University selects Baltimore architectural firm to develop campus master plan for facilities

The Program and Budget Committee, made up of officers of the University, has selected the firm of Ayers/Saint/Gross Architects and Planners to create a comprehensive master plan and long-range campus development plan for the physical facilities of Emory. The $750,000 project is expected to take 14-16 months to complete. President Bill Chace has been widely credited as the force behind the move to hire an outside firm to create such a plan, according to Earle Whittington, senior project manager in the department of campus planning and construction.

"We need effective and strong master planning for the entire campus--attention to buildings, spaces between buildings, thoroughfares, pedestrian avenues, landscaping, parking, oases of learning and conversation, `sacred' places wherein the intellectual life of the University can be enhanced, and the perimeter of the campus so that one knows when one has entered upon Emory and when one has departed from it," said Chace. "Our 600 and some acres are our precious home and to the degree that we feel comfortable `at home,' our work and our well-being as Emory citizens will be enriched."

"Emory's been on a fast track for 15 years," said Bill Fox, vice president for Institutional Advancement, who served on the committee that selected the firm. "It's time to slow down and look at the campus and how we treat our environment. We want to make Emory more community-oriented, more pedestrian and more beautiful."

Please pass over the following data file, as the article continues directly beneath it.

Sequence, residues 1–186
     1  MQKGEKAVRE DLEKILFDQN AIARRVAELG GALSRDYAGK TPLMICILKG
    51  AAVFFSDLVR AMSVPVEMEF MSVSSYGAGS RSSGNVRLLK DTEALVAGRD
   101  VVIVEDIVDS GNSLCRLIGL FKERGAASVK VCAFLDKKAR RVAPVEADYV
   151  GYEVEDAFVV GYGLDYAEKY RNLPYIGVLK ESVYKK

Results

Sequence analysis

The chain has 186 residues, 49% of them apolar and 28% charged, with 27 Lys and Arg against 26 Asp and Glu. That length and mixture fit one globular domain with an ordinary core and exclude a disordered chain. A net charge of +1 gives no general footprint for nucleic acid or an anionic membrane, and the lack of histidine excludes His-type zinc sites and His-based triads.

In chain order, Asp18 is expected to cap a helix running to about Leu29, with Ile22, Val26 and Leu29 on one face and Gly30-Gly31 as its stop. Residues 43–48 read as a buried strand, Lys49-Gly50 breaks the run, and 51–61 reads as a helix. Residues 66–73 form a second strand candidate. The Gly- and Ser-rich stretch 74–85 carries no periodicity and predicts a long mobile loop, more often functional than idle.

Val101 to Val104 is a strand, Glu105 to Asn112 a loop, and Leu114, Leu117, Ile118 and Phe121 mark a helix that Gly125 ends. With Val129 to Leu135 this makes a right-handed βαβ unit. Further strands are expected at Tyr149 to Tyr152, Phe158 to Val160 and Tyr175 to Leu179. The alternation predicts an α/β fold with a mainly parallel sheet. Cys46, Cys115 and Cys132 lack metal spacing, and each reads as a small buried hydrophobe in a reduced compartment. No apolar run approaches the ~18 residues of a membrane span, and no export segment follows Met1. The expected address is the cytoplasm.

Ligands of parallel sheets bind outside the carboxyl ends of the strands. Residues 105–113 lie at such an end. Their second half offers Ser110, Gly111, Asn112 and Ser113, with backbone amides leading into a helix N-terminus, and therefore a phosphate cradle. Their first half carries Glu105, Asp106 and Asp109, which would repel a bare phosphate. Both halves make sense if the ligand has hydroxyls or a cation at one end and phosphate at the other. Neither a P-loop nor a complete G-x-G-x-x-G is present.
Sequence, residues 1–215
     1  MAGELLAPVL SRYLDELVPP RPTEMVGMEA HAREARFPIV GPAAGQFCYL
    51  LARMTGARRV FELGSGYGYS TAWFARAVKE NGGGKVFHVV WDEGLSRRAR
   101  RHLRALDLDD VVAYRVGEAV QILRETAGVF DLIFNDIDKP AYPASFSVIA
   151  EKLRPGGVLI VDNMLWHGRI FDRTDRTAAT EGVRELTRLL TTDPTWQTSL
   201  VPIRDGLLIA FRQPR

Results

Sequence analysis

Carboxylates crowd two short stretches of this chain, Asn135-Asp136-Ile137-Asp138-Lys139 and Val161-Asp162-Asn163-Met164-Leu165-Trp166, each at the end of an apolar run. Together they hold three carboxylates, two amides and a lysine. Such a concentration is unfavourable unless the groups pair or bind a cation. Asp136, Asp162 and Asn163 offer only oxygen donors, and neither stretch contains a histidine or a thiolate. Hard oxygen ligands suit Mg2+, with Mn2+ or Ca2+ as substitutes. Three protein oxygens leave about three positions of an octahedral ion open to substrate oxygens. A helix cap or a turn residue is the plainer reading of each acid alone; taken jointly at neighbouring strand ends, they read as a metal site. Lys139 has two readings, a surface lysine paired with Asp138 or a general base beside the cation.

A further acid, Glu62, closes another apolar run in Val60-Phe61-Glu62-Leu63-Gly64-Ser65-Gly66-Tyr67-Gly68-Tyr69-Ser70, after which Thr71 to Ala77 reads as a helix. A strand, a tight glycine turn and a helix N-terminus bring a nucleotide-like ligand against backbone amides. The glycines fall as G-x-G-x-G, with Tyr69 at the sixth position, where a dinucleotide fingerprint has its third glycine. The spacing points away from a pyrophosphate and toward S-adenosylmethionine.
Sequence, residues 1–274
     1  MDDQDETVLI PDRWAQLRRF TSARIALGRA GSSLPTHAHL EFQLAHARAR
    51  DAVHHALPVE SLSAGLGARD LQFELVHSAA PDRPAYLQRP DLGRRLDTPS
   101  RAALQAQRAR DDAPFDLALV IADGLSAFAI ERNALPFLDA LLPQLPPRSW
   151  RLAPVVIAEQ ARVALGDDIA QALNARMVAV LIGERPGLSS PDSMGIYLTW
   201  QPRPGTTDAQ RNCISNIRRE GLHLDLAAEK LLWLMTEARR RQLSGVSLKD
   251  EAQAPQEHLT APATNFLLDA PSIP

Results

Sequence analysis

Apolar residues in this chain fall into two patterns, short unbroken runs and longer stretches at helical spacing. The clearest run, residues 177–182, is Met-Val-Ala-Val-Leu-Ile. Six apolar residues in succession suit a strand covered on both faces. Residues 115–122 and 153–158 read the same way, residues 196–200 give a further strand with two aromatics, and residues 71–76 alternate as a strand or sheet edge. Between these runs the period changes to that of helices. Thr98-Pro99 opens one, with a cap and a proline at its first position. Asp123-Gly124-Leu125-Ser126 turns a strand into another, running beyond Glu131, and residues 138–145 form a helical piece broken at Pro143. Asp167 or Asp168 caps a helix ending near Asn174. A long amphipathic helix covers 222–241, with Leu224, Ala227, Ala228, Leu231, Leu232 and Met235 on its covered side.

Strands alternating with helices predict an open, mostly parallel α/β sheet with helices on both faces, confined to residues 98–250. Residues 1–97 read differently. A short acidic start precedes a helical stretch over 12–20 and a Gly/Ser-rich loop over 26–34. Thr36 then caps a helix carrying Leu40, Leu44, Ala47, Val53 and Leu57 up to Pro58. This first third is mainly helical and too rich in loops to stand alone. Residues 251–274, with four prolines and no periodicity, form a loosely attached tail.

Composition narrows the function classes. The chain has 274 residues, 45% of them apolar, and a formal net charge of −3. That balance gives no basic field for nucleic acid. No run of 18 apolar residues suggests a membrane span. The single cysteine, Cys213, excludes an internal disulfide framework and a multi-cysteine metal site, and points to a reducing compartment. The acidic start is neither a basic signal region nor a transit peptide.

"Our master planning in the past has been fairly site specific," said Whittington. "What we are about to do is going to put all the parts of Emory's physical presence together. It will be an inclusive process and involve people at the University, Emory Village, the Druid Hills Civic Association, Victoria Estates, DeKalb County planning and development offices and MARTA. What we hope to obtain is a framework that will serve as a flexible guide for decision making as we respond to continuing changes in higher education."

In a draft master plan and long range campus development proposal prepared as part of the selection process, Ayers/ Saint/Gross wrote, "The new campus plan must be a call to action for a physical plan which engages the entire University community with its power to reflect and embody the goals, culture and mission of Emory."